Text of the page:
At The Amlong Firm in Fort Lauderdale, we understand the law when it comes to wrongful termination claims. Our lawyers have a long history of successful verdicts and settlements when an employment contract has been breached, a binding promise has been broken, a law has been ignored or employers have engaged in unlawfully ugly behavior.
Florida is an employment-at-will state, meaning that if you do not have an employment contract for a definite term, your employer can terminate you for any or no reason, so long as it is not an illegal reason such as discrimination or retaliation. Even if you do not have an employment contract or protected status, however, you may have other remedies under Florida common law, including claims for:
- Tortious interference: This occurs when a third party wrongly persuades someone with whom you have an advantageous business relationship to end that relationship. For example, if your boss at work says awful things about you because you do not return his romantic affections or for another ulterior motive, he ceases to be a legitimate party to the employment relationship. He then becomes a third party and can be sued for interfering with your employment relationship.
- Defamation: Under certain circumstances, Florida recognizes both intracompany defamation (saying ugly things about you to someone at the company where you work) and intercompany defamation (saying ugly things about you to another company). Also, if a supervisor uses his position to put an untruthfully poor evaluation into your file, then you may have a claim against not only the supervisor, but the company, too.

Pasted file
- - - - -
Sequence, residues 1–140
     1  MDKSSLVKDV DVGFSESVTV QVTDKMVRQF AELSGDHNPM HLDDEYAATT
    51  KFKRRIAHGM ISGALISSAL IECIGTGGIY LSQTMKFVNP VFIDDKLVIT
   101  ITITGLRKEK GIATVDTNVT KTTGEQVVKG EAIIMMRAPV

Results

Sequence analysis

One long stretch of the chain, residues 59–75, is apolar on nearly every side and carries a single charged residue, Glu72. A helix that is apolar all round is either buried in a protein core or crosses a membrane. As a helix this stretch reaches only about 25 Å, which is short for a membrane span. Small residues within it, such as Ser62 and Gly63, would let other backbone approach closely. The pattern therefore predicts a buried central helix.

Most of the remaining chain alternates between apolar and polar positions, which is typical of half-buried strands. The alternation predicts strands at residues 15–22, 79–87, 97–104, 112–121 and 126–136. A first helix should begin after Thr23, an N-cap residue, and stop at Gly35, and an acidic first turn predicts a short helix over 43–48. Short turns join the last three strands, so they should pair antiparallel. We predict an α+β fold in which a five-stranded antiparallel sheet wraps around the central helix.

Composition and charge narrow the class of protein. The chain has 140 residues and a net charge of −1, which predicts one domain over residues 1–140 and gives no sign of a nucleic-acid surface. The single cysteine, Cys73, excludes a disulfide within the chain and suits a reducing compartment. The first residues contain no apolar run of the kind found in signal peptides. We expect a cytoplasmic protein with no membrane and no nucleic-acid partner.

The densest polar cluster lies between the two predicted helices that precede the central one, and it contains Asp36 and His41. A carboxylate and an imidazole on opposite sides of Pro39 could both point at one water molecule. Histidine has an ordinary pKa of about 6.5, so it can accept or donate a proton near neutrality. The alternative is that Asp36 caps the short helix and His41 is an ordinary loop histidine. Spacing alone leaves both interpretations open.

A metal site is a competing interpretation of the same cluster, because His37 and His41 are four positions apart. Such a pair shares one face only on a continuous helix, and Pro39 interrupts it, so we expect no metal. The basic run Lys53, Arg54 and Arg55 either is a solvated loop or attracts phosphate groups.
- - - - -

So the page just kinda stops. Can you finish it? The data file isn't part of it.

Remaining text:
- Misrepresentation: This is often involved in jobs that end badly. It's misrepresentation when an employer lures you away from a high-paying IT job with promises of stock options, intending all along to fire you as soon as you get the new computer network up and running. It's also misrepresentation when a sales manager induces you to come to work by representing that every salesperson makes a six-figure income despite the commission-only pay plan, knowing that it's not true.
Florida law permits employers to protect against unfair competition, but not against all competition. Covenants not to compete, which must be in writing, are limited to situations in which the employer needs to protect legitimate business interests such as long-time relationships with specific customers, unique methods of meeting customers' needs or expertise that an employee has gained solely from specialized training for which the employer has paid. An employer who cannot plead and prove such legitimate business interests, however, cannot prohibit an employee from going to work for a competitor.
The Role Of Employment Contracts In These Claims
Our lawyers often advise clients who have been terminated with or without an employment contract. We also assist employers and employees with disputes involving the interpretation and enforceability of employment contract provisions, including noncompete agreements. In addition, we represent employers and employees in drafting and negotiating underlying employment contracts.
First Step After Wrongful Termination: Contact A Lawyer
If you think your employer has wrongfully terminated you or if you have a dispute about an employment contract or agreement, call 954-519-2235 or fill out our simple contact form. From our office in Fort Lauderdale, our employment law attorneys serve clients throughout South Florida.